The gist of the adventure, for those who don't know, is that the market green collapsed and some huge insectoid monsters called kruthik came out. After a decently bloody fight, in which Kieranda shot the minotaur who she thought was a monster, the PCs tracked the kruthik back to their lair. They soon stumbled upon a human alchemist who was experimenting on the kruthik, as well as a group of humanoids who seem to have been killing staff in the laboratory. They don't know who any of these people are, although they do have two pages of the alchemist's journal, and a list of names, all but one of which has been crossed off.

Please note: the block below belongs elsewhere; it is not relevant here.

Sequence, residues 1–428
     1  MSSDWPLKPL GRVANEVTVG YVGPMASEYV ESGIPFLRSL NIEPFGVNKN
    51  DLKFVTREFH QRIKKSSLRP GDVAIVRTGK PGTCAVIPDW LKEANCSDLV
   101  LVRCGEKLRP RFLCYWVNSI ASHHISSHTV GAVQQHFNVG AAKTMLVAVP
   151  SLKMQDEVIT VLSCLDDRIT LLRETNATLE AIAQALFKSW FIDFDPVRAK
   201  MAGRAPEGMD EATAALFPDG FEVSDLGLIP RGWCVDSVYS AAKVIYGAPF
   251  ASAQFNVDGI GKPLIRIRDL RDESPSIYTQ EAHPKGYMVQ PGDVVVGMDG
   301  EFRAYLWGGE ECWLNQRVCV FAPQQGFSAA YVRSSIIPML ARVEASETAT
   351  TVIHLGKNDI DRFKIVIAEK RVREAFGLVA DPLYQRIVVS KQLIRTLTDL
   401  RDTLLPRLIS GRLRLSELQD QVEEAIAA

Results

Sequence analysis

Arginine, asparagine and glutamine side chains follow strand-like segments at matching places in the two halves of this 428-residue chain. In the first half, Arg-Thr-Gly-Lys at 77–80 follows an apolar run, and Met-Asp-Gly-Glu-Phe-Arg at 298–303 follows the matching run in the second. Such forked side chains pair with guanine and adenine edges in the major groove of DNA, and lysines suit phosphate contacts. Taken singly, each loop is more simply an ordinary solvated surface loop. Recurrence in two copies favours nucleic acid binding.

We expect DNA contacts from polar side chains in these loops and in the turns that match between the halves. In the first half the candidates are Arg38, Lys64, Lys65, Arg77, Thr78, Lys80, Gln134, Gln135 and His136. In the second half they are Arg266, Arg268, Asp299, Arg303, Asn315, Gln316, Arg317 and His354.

They then killed the kruthik hive lord, which would have probably been a horrible fight if Galed hadn't used his daily to put the bug(ger) to sleep. They then proceeded to murder it quite effectively.
The hive lord was too much to throw at them, but my philosophy on encounter design is generally to make fights more difficult and then ease up on them during the game. That would have been difficult in this because one of the problems was that the hive lord has some pretty high defenses, which would have made hitting him difficult, no matter how many times he "missed" the characters.
What I Learned